One thing I enjoyed about Roberts’ writing is that while he is by no means writing an alternate history of World War II, he is able to show how the Allies’ victory was by no means preordained, and he isn’t afraid to briefly explore alternate paths of action the main players could have taken. 

Examining these other paths of action inevitably means taking a look at how Adolf Hitler made decisions, since he made most of his decisions unilaterally, with a minimum of input from anyone else, usually to the detriment of the German war effort. Roberts also shows how Hitler’s Nazism led him to make decisions that ultimately undermined Germany’s chances of success. It would have been more beneficial for Germany to enlist the Slavic people of Eastern Europe to fight with Germany against the Russians, rather than make them victims of a horrific genocide, but that simply wasn’t how Hitler’s mind worked. 

Roberts relates some interesting anecdotes about the way Hitler’s mind did work, as he writes of Hitler at the Berghof: “Staggeringly beautiful scenery clearly had an effect on Hitler that was opposite to how most other people reacted: rather than softening and humanizing him it hardened his heart and filled him with power-lust.” (p.147) 

We also learn that Hitler had an amazing memory for random military facts, which I was not previously aware of:

 “Instances when Hitler displayed his technical interest in weaponry during the war are legion. When not asking pointed questions at his Führer-conferences with senior OKW figures and military commanders, he liked nothing better than showing off his detailed knowledge. Subjects upon which he would dilate included the horsepower needed for wheeled tractors to pull heavy field howitzers (85 hp); gearshift problems in the Tiger tank; the ricochet hazards associated with the 15cm anti-tank gun…” (p.50-1)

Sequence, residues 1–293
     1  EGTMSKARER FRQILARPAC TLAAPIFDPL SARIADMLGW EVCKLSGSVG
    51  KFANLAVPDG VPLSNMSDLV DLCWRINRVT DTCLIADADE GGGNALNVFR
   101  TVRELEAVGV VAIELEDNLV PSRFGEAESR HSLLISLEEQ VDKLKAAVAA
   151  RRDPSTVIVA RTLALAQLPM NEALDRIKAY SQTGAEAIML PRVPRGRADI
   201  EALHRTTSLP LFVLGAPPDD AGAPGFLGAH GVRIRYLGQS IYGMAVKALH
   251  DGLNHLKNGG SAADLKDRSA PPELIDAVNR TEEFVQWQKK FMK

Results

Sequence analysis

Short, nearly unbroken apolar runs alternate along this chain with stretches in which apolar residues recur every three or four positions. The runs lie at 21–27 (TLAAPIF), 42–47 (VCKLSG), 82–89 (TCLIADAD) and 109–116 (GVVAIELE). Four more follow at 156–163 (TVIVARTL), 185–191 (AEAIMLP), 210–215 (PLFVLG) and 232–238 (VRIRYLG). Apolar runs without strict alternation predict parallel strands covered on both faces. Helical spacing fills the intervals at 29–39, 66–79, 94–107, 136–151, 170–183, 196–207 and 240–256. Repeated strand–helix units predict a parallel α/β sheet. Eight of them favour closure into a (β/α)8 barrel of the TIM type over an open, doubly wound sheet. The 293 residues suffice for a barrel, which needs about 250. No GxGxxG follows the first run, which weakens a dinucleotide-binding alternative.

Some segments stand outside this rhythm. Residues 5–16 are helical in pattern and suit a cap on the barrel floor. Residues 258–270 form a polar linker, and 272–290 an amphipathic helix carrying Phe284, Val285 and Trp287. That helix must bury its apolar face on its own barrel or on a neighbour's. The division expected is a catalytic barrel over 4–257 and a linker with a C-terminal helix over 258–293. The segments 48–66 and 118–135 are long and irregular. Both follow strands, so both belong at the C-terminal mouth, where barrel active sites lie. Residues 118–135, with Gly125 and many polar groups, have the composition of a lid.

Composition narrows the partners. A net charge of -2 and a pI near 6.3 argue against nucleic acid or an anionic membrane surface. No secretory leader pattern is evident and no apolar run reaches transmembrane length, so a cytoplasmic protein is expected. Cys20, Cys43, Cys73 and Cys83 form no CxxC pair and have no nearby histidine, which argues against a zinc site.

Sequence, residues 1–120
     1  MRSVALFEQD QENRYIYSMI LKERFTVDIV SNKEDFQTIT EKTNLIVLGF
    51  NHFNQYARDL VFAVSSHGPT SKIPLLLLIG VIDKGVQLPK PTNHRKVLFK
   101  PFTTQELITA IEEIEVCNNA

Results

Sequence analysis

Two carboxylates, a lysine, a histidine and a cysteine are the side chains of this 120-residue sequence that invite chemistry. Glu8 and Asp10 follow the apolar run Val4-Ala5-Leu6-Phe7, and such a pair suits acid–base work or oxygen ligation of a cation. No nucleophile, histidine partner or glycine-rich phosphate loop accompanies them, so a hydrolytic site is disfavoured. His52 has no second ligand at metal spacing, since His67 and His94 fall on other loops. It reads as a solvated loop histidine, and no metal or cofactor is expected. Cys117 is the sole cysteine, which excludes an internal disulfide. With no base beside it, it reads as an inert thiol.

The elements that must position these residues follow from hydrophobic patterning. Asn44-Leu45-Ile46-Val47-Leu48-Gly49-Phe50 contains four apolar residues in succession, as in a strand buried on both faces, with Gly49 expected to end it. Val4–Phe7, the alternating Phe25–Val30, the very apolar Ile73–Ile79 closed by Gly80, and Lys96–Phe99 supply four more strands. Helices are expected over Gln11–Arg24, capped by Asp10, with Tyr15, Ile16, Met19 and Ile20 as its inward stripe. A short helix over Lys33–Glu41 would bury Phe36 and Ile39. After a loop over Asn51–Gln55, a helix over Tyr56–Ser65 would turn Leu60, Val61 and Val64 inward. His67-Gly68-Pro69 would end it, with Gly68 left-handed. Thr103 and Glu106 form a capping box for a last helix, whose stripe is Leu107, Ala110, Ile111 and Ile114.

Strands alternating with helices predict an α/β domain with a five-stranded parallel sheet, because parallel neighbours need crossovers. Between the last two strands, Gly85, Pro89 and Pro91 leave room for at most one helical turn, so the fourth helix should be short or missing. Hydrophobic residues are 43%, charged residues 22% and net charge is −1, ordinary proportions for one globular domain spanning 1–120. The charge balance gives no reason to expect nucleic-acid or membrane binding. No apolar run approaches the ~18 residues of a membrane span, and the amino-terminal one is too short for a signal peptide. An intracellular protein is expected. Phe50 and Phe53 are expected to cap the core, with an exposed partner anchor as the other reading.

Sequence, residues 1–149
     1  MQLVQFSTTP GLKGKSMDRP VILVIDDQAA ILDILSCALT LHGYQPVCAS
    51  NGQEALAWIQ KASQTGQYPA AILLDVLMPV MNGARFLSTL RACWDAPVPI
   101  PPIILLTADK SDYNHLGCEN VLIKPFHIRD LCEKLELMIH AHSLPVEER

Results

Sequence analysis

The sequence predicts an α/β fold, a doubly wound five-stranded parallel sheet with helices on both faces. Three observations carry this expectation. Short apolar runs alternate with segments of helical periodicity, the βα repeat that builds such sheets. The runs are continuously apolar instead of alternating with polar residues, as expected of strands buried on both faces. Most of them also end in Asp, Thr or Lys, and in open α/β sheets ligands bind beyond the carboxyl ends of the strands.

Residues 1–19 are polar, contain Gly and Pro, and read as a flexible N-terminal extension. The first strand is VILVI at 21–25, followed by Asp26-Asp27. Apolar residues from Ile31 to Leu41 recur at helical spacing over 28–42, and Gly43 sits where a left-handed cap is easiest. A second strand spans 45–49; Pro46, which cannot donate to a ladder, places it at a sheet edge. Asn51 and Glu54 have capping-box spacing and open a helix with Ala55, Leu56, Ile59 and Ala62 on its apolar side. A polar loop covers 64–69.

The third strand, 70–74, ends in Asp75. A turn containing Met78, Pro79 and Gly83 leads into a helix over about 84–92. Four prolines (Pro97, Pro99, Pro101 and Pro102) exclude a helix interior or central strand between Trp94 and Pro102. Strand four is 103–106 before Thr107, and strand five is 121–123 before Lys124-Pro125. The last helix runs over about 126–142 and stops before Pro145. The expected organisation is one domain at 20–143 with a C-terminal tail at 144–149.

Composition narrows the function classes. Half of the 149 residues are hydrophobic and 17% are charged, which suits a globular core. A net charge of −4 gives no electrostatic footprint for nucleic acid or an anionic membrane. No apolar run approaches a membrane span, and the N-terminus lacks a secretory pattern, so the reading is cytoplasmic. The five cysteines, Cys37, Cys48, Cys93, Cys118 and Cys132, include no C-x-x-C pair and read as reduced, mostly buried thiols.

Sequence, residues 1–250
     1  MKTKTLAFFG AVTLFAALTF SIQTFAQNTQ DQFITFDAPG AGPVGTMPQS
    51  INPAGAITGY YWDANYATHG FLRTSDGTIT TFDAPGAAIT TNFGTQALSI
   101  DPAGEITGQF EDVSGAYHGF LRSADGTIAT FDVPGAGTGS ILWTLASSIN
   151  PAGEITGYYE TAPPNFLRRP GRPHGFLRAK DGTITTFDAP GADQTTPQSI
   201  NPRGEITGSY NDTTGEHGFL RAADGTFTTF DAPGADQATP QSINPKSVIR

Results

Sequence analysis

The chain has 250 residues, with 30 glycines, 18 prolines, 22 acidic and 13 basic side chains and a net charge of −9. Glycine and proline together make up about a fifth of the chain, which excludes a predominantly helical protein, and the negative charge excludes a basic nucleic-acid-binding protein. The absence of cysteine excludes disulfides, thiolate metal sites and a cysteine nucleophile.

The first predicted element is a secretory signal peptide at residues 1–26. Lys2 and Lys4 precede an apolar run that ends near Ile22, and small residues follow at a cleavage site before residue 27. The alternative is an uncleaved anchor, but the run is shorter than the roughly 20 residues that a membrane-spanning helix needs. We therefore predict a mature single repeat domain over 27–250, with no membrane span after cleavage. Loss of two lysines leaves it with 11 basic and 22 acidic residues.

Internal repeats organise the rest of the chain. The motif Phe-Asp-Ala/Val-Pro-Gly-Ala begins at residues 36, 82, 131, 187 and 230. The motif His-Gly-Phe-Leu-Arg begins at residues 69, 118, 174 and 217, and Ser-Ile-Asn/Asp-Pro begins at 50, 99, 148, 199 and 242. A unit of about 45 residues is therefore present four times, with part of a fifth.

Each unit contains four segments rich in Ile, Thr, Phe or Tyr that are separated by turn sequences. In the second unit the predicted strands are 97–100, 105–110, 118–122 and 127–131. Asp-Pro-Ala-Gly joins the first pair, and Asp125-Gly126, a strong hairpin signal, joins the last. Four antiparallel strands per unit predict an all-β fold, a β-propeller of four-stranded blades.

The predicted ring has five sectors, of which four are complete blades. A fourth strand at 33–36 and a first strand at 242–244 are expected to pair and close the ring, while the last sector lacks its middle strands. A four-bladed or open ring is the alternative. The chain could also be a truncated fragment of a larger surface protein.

In another instance, “…when {Franz} Halder remarked that the Russians boasted 10,000 tanks, the statement ‘unleashed a more than quarter-hour retort from Hitler, in which he cited from memory the Russians’ annual production for the last twenty years.’” (p.140) Sounds like a fascinating guy.

During a war in which technology produced frightening advances in the ways in which men can kill each other, sometimes old-fashioned technology still played an important part, as during the battle of Berlin when “{German} Officers were reduced to telephoning numbers taken at random from the Berlin telephone directory, the Soviet advance being plotted by how many times the calls were answered in Russian rather than German.” (p.551)

One of Roberts’ wittiest lines comes late in the book, as he makes a reference to a famous line from Oscar Wilde’s play The Importance of Being Earnest, writing of Hermann Göring: “Since the Reichsmarschall was unquestioningly loyal to Hitler until almost the very end, his fidelity as a Nazi mattered more to the Führer than his competence as an air commander. Furthermore, after Rudolf Hess’s flight to Scotland, to lose one deputy Führer might be considered unfortunate, but to lose two might look like carelessness.” (p.587) If you can make people laugh when writing about Nazis, so much the better. 

The Storm of War is a marvelous book, one that captures the global scope and sweep of World War II while still reminding us of the stark tragedies that each one of the 50 million deaths in that conflict represent.